During Wednesday night’s school committee meeting, superintendent of schools C. Richard Canfield celebrated the fact that residents will have a chance to vote to fix the swimming pool at the high school.
Selectmen voted 4-1 the night before to place a $980,000 capital outlay exclusion on the warrant of a Special Town Meeting set for November 18.
The capital outlay will also be presented to voters at the November 21 special town election. The measure must win approval at both Town Meeting and the polls.
Dr. Canfield took time during the school committee meeting to urge the public to get out and vote. "We've got the right to vote and now we need to get out there and exercise that right for this issue," he said.
When selectmen met Tuesday to decide whether to forward the pool expenditure to voters, they also voted voted 4-1 to place a $650,000 capital outlay exclusion on the Special Town Meeting warrant for repairs and renovations to the high school’s “A” wing.
Like the pool proposal, the expenditure must win approval at both Town Meeting and the polls.
Taxpayers would pay for each approved outlay in a single year. No interest would be paid. Following the expenditure, the outlay would disappear from the town’s property tax levy.
At present, the average residential property owner in Sandwich pays more than $4,700 in basic annual town property taxes, not including water district taxes and the 3 percent Community Preservation Act surtax.
Town manager George H. Dunham estimated the onetime cost of the pool repairs at $92 for the average valued home in Sandwich of $344,000.
Mr. Dunham estimated the onetime cost of the “A” wing repairs at $61 for the average valued home.
Combined, the increases would be $153.
Pool Closed Since February
The swimming pool has been closed since February, when a leak was discovered.
Even before the pool sprung a leak (which proved difficult to locate), the 8,000-square-foot room enclosing the pool was facing long-term humidity and ventilation problems.
The school contracted with a Taunton engineering firm, C.A. Crowley Engineering, Inc., to find a solution to the humidity and ventilation problems. Earlier this month, the firm proposed two fixes, one priced at about $662,000 and the other at about $857,000.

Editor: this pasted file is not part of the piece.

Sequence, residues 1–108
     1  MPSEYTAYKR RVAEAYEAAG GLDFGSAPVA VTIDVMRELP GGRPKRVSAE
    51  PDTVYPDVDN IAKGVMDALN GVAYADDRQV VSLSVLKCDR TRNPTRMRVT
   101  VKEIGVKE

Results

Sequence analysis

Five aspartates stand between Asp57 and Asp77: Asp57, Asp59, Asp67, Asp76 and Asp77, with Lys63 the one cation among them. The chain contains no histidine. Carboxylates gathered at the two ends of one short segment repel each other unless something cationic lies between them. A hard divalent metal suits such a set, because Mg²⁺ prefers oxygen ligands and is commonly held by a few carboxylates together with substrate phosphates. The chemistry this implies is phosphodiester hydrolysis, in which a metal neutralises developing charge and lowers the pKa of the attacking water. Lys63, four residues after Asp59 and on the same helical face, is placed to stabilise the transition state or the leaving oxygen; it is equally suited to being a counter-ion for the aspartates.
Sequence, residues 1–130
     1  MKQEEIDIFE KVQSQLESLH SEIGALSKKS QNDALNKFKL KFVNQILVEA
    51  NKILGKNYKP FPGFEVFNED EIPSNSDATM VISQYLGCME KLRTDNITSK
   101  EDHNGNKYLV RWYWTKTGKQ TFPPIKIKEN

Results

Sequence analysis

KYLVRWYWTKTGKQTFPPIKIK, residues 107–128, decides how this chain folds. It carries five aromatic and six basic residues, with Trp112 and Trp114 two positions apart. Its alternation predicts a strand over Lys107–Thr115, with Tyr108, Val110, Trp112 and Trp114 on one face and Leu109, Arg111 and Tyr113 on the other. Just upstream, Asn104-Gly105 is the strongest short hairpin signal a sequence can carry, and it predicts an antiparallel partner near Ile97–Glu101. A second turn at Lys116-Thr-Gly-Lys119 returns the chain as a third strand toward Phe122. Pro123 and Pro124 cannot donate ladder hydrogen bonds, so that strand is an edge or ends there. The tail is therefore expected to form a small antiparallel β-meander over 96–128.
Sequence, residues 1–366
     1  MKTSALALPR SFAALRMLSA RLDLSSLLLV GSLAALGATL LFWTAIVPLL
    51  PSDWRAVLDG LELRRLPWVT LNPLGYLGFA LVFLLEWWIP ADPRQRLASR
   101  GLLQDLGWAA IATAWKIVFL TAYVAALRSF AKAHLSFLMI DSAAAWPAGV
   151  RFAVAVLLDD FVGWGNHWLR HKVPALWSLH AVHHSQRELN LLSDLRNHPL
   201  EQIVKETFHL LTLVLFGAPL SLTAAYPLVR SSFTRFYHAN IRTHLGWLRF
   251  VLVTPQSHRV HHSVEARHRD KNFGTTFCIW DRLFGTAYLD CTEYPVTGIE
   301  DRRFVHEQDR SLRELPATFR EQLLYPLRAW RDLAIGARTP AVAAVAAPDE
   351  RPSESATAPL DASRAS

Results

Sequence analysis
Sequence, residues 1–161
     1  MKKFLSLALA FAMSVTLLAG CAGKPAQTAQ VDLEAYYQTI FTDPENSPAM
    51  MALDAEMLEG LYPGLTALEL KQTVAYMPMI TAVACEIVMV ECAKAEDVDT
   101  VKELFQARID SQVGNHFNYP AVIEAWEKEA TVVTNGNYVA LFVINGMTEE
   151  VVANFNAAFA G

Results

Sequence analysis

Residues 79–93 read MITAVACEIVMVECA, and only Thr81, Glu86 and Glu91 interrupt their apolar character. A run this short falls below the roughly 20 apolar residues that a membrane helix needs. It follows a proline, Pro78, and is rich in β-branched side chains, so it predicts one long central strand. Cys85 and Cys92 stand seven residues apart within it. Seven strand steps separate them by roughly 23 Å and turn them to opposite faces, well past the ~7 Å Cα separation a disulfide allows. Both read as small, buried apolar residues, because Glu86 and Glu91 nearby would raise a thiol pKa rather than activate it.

In response to a question from the school, Crowley said the initially more expensive option would pay for itself through energy savings in 5.36 years, a quicker payback than the initially less expensive option.
Selectmen Wary of Pool Costs (October 2013)
Capital Exclusion Proposed to Fix Pool (October 2013)
Water Leak Forces Pool Closure (March 2013)
Mr. Dunham placed the overall cost of the initially more expensive option at $980,000, which includes $35,000 for grouting and structural pool repairs, and 10 percent in anticipated soft costs, such as architectural financing and legal fees.
Seeing the Town Meeting vote as a referendum on whether the town should continue to have an indoor pool, selectmen chairman James W. Pierce said he favored the initially more expensive option, given its faster payback.
Selectman Susan R. James moved and Selectman John G. Kennan Jr. seconded a proposal to place that option before the voters.
Selectman Frank Pannorfi opposed the proposal. Of the capital needs facing Sandwich, Mr. Pannorfi said, the pool would rank far down the list.
He said the selectmen ran the risk of not being able to garner taxpayer backing for more important capital projects if they supported the pool repairs. Mr. Pannorfi also reminded the group of the failure of a proposed public safety complex to gain voter approval this past spring.
Calls for Alternative Funding Approach
If the pool needs repairs, he said, the school committee and administration should fund them on their own. He said the school could use school choice funds to pay for the repairs.
Ms. James said she appreciated the value of long-term capital planning, but said the pool repairs were unexpected. Assets can decline, she said, if they are not kept up.
A member of the finance committee who was attending the selectmen’s meeting, Anne B. Dessertine, asked Mr. Pannorfi why he would not vote to put the question before the voters.
“If they want it, they will vote yes,” Ms. Dessertine said. “If they don’t want it, they can vote it down.”
Mr. Pannorfi said he was elected to analyze questions to find the best option. To pass the buck to the voters and not exercise his judgment, he said, would be cowardly.
The board then voted 4-1, with Mr. Pannorfi dissenting, to place the pool funding question before Town Meeting.
Earlier in the evening, the board had voted 4-1 to place the “A” wing repairs before Town Meeting.
The work is intended to repair faulty windowsills in the wing and prepare the section for the arrival of 7th- and 8th-grade students next September to attend a newly created Science, Technology, Engineering and Math (STEM) Academy.
This time it was Ms. James who voted against the spending plan. She said the work should be funded as a longer-term debt exclusion than a one-year capital outlay exclusion.
State law required a two-thirds positive vote from the selectmen attending the meeting to place either capital outlay before Town Meeting.
Mr. Dunham said that effectively meant that four votes were needed to move either proposal forward. A 3-2 selectmen’s vote on an outlay would have prevented that measure from going before Town Meeting.
Reporter Patricia Peal also contributed to this article.